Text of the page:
Economics students should get to learn that while we are trying to make the best use of limited resources, we should also consider the impact of that on the environment. The same goes for engineering students, who should get to learn how construction sites or the expansion of the city can harm the ecosystem and how they can help to prevent that.
Secondly, regulators and government should take charge of how to guide society. It is fine to try to influence an individual’s behaviour, but regulators have an important part to play.
For example, biking in the Netherlands. The country is well-known for being a bike country and that does not happen miraculously. It takes a good infrastructure to facilitate bikers around the city. Not only that, it is also about traffic rules. Bikers in the Netherlands need not worry about their safety because the law makes sure that people are prioritised above vehicles when an accident happens and the Netherlands certainly enforces this law strictly.
These are things many countries in Southeast Asia still lack.
Thirdly, transformation is needed in how climate change is portrayed in the media. The media has shaped our way of thinking for decades, from who we should elect to be the next prime minister to what cereal to eat in the morning.
Therefore, I think that, with the right communication, such as about the short-term effects of climate change in an impactful graphic and frequent repetition of this, we can create significant change. Furthermore, highlighting certain actions in the graphic can be used as a good trigger for people to become more aware of the consequences of their actions.
This is similar to how the packaging of cigarettes displays the diseases that are caused by heavy smoking. According to a study by Surapong Chudech and Piyapong Janmaimool, the severity of the health issues that come with smoking can alter the fear level of smokers, which results in more hesitancy when it comes to smoking.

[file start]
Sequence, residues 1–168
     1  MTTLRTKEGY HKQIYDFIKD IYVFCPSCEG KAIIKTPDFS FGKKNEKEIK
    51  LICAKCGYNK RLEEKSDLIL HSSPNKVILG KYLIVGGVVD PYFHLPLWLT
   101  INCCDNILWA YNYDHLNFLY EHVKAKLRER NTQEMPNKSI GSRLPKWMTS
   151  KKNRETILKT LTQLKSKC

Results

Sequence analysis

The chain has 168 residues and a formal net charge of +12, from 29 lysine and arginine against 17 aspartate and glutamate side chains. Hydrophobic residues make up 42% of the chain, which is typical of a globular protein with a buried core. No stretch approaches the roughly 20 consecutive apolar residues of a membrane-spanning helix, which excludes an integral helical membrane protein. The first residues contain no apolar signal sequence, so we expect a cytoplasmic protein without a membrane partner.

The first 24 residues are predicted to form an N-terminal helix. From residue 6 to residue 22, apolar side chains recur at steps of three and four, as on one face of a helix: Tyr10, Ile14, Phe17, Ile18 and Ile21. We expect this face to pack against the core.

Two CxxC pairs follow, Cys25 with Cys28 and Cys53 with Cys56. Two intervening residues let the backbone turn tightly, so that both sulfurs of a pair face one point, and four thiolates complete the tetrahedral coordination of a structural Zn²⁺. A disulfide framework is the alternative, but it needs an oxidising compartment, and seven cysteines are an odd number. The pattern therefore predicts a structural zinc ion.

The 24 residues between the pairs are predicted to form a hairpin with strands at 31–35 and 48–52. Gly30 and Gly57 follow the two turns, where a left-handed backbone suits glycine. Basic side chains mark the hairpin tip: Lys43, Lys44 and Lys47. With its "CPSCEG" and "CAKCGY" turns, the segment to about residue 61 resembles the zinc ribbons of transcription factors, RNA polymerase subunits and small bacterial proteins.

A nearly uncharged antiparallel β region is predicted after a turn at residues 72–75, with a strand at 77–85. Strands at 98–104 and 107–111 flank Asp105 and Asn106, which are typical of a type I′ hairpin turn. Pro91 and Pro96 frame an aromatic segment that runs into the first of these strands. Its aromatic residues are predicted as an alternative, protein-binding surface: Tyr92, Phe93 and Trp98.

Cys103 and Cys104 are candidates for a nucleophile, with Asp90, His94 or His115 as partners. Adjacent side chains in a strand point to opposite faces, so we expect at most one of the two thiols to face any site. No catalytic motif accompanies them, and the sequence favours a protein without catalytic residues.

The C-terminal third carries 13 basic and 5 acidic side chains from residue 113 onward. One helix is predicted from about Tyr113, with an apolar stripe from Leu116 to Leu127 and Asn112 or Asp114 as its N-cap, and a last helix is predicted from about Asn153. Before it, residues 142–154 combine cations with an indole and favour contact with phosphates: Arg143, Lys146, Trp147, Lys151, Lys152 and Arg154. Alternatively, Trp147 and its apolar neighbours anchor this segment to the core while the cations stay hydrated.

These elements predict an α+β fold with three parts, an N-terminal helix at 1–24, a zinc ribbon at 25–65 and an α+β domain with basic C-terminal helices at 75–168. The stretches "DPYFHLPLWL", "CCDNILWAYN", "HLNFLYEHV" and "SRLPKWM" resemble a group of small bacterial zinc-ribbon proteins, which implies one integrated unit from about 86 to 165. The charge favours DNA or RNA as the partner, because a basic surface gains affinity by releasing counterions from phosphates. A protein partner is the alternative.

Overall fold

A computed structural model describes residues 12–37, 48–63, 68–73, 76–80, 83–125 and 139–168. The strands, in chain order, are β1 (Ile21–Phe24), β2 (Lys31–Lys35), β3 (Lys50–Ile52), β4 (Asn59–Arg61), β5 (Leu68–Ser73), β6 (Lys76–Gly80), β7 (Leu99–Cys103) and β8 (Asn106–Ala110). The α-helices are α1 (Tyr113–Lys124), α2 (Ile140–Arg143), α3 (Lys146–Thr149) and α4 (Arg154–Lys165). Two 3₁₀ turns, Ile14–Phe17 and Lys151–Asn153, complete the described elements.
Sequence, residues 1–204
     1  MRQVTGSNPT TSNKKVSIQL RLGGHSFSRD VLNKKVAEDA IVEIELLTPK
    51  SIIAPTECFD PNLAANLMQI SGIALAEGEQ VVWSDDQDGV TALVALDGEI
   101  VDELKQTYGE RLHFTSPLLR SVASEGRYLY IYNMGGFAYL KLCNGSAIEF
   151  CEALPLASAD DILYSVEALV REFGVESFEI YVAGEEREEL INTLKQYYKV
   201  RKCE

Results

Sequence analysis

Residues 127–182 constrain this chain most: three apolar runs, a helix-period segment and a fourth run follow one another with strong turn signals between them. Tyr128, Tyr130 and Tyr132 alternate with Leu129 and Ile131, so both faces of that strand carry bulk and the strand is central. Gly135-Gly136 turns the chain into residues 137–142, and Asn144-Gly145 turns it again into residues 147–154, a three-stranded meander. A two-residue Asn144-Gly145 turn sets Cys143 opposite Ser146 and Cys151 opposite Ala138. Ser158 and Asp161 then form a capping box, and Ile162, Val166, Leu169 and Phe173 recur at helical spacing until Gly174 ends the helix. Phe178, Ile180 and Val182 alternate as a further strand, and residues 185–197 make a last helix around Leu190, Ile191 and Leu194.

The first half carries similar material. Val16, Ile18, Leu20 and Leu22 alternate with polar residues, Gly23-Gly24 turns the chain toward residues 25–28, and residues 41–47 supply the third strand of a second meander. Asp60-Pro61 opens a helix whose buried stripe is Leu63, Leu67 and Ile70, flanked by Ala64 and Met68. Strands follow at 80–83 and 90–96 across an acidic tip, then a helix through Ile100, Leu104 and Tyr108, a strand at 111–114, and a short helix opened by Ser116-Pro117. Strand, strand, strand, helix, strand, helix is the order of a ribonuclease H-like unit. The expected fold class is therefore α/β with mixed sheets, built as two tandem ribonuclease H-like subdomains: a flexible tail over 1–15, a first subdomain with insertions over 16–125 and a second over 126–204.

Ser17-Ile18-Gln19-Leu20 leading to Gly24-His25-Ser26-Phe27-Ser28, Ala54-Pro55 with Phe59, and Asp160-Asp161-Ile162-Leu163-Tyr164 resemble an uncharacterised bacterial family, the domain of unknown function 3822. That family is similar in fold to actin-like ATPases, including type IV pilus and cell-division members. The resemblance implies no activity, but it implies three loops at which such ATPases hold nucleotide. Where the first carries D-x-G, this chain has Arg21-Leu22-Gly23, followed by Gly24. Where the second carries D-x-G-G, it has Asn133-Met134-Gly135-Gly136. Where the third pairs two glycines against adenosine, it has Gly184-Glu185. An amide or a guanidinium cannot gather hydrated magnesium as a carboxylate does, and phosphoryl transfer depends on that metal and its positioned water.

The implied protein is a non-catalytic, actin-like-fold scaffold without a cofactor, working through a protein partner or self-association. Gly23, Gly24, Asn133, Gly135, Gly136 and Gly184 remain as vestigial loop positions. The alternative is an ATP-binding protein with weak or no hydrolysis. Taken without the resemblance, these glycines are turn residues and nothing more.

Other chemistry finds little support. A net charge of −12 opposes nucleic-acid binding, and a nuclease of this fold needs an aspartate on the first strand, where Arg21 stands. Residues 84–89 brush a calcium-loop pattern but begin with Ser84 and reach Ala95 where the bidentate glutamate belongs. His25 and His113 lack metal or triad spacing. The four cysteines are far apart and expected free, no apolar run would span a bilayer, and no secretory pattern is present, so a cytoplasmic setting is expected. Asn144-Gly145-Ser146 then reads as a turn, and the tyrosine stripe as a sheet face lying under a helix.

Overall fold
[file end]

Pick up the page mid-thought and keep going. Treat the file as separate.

To sum up, the crisis that we are facing is bigger than all of us and yet it can only be solved with each of our hands joining forces. Therefore, cooperation between agents and countries is vital.
However, I, as a part of the ASEAN community, think that we have not yet fully leveraged the power we have to come together to tackle these problems. I believe that we are stronger together and I believe in our potential, especially the power of our youth, as the youth will be the ones to experience the impacts of climate change in the years to come if we don’t start acting today.
Worawalun Yarn-arpha is a Batch 4 SHARE EU-ASEAN scholarship awardee. Her undergraduate major in economics has led her to work in a central bank in Thailand, while at the same time it has sparked a passion for economic development. Her next goal is to explore ways to bring the behavioural sciences to bear on increasing the efficiency of public and monetary policy.